What is the most important chapter in your novel? Some say it’s the first, and others argue it’s the last. They’re both right for different reasons. However, if your first chapter isn’t dynamite, no one will see that great last chapter
With today’s agents and publishers so swamped with submissions, you must make sure you’ve done everything possible to grab their immediate attention – and interest.
It doesn’t matter the genre in which you’re writing; what does matter is how you present the material.
I listened attentively at conferences when agents and/or publishers spoke about submissions, and at one a few years ago, a top agent said she could tell within the first couple of paragraphs whether or not the writer knew what she/he was doing. She said it may sound harsh, but with so many submissions each week, she usually read the first page, perhaps the second, before deciding if the material was worth reading. Then she, or another agent or publisher, can’t quite remember, went on to talk about first chapters, how important they were and what they must accomplish.
Now I understand what that first agent meant, because by now I’ve worked with so many writers over the years, teaching, editing, that I, too, can tell very quickly. It may sound harsh, but as in any other profession, experience does give an advantage.
And I look for that quality when I’m considering a new book to read. It must grab me, make me want to read more, and the ability to do so takes skill. It doesn’t have to be a murder, a car chase, or even a bank robbery, but whatever it is, it has to be written in a way, as another agent said, to create curiosity, usually by forming a question or several questions in the reader’s mind, and they must read to learn the answer(s).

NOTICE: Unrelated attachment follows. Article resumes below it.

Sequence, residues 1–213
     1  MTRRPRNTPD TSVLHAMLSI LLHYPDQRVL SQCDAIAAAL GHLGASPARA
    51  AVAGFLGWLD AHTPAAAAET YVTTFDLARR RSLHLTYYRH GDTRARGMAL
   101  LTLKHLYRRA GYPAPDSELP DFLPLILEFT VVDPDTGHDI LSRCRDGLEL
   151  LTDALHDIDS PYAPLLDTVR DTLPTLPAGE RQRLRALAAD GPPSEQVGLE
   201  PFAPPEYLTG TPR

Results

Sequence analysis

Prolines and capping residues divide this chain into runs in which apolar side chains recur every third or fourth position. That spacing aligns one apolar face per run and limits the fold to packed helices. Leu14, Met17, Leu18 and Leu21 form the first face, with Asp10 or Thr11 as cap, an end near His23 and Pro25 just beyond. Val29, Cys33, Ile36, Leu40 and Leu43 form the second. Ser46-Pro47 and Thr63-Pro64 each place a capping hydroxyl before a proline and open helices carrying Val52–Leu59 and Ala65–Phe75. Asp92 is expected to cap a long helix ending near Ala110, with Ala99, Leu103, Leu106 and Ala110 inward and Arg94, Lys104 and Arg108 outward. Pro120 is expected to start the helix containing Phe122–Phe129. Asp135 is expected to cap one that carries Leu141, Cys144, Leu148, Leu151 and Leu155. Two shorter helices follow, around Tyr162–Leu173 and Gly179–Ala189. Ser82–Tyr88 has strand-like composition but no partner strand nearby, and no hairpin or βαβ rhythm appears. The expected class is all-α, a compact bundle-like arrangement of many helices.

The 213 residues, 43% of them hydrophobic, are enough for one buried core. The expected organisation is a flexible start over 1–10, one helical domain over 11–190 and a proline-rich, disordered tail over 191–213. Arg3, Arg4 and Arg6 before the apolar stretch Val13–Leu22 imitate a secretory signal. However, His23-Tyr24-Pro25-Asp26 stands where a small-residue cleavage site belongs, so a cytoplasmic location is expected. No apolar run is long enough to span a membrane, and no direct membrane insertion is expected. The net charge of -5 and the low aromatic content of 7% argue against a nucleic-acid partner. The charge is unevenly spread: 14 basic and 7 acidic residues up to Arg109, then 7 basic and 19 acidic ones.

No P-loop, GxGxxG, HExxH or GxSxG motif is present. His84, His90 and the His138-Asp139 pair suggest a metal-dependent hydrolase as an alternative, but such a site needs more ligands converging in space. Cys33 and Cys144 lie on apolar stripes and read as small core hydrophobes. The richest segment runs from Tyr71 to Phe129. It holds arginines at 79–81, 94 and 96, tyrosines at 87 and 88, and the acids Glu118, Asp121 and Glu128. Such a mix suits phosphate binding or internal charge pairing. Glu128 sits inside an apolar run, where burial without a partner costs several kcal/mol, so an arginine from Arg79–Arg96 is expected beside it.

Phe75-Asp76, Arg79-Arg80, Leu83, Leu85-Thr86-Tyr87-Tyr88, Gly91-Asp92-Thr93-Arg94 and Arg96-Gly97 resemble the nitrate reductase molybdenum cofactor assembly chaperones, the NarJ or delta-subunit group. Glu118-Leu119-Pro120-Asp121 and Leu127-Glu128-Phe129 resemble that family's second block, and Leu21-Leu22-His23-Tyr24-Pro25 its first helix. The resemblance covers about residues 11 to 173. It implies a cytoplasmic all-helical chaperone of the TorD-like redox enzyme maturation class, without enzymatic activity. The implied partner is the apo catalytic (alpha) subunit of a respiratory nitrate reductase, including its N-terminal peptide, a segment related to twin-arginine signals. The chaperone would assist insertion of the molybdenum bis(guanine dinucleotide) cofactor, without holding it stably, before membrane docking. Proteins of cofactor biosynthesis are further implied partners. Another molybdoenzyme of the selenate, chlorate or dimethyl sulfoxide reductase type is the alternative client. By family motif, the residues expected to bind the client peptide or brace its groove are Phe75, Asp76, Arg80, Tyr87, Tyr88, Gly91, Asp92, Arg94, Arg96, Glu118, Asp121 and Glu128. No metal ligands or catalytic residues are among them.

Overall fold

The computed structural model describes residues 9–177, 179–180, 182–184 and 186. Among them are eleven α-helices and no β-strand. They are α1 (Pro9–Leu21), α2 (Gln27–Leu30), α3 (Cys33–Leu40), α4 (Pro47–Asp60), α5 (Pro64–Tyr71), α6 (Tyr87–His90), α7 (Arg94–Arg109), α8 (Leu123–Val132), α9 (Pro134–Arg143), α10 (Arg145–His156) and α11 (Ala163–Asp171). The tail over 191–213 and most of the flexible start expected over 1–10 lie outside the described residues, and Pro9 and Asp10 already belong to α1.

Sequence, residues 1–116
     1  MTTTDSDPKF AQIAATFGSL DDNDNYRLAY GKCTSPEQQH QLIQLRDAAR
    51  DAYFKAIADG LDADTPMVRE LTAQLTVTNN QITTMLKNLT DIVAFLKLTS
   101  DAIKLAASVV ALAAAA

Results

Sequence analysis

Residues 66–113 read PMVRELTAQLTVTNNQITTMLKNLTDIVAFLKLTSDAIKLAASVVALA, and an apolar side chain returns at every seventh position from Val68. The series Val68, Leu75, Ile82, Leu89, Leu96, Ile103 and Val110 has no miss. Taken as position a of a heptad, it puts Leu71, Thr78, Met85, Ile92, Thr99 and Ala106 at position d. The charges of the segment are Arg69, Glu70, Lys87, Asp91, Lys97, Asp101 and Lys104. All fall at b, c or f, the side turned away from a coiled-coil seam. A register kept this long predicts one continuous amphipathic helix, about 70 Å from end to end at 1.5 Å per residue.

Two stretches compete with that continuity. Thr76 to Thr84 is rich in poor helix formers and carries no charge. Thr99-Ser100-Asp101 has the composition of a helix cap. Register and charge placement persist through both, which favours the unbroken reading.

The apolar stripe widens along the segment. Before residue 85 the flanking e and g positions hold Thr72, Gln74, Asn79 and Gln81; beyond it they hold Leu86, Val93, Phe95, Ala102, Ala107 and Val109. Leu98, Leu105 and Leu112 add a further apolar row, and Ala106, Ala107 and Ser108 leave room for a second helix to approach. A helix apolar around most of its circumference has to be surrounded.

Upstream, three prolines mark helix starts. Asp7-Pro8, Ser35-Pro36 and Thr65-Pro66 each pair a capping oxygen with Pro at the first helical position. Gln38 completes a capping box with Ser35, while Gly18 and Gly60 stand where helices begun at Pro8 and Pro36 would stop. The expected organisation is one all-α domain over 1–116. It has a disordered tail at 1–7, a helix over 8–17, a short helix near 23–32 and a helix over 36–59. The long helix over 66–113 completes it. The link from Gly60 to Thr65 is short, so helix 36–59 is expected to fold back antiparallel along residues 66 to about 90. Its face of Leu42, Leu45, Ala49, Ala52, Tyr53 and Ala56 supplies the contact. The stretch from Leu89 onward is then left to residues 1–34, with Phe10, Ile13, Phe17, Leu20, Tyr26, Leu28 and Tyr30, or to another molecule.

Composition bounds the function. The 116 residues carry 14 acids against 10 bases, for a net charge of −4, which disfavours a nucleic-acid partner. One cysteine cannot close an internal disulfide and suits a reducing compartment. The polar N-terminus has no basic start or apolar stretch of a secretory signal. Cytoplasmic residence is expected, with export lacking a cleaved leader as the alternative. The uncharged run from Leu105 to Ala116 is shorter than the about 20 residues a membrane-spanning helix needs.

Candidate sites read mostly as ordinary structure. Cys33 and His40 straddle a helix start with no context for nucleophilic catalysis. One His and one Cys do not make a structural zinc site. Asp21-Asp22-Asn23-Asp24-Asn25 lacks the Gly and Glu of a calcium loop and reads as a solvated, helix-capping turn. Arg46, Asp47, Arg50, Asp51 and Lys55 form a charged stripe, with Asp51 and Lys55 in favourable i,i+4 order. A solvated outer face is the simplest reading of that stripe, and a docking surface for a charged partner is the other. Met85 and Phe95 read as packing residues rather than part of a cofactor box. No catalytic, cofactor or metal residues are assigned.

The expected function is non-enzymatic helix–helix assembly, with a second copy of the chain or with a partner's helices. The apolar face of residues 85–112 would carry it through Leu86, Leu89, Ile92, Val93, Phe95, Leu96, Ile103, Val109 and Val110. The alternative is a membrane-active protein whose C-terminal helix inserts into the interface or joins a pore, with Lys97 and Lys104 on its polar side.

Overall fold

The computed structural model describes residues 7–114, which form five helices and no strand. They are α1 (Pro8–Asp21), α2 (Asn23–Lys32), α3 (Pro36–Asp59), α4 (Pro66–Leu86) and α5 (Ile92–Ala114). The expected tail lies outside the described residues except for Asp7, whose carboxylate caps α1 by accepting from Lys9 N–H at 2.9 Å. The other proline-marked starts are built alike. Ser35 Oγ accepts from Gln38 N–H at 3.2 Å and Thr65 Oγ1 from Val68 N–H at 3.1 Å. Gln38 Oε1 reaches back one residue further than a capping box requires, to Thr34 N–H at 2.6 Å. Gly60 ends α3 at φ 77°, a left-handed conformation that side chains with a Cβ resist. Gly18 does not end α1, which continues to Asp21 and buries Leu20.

Of course it’s great to have that car-chasing opening scene, or a doctor going berserk in the operating room. But if that’s not your genre, think about creating questions in your reader’s mind.
The opening of Ten Times Guilty:
He waited in the stand of poplars behind the bus shelter, his black sweats fading into shadows cast by the midnight moon. A ski mask covered his face.
At twelve-seventeen, a Denver city bus approached the residential shelter. Air brakes hissing, it rolled to a stop and Cindy Harris, a sweater draped over her blue scrubs, stepped to the pavement. Glass shards from the streetlight crunched under her feet.
She glanced at the shattered light, then to the houses lining the gloomy street. The older frame bungalows, many with porches holding swings and chaise lounges, stood dark and silent.
Where were all the people? Surely someone was still awake, but there were no lights, not even from an upstairs window. She felt like a lone astronaut landing on a stark, barren planet.
With a whine of the engine and a cloud of exhaust fumes, the bus pulled away. Cindy desperately wanted to run after it and beg the driver not to leave her alone, but she’d never get home if she stayed on the bus. And she needed to fall into her bed for at least a couple of hours before she had to get back to the hospital for another sixteen-hour shift. Nurse’s training had been grueling, but she hadn’t known rough until several nurses called in sick and she’d had to pull three double-shifts her first week. She would get through it though; she’d be the best nurse County General ever had. Registered nurse, she thought, fingering her shiny new pin.
Straightening her shoulders, she left the shelter. At least she had only two blocks to walk. That wouldn’t be so bad.
I’d hoped to cause the reader to ask who was the HE waiting at midnight? And what, or who, was he waiting for? Then, in the next paragraph, I presented a possible answer, a bus with a nurse as a passenger. I wanted to show her reactions to the dark, gloomy night. Then, of course, comes the bigger question. If SHE’S who HE’S waiting for, will he get her?
Questions, questions, questions, with setting, etc, woven in.
See how you can create questions in your readers’ minds, questions they’ll feel the have to read further for the answer.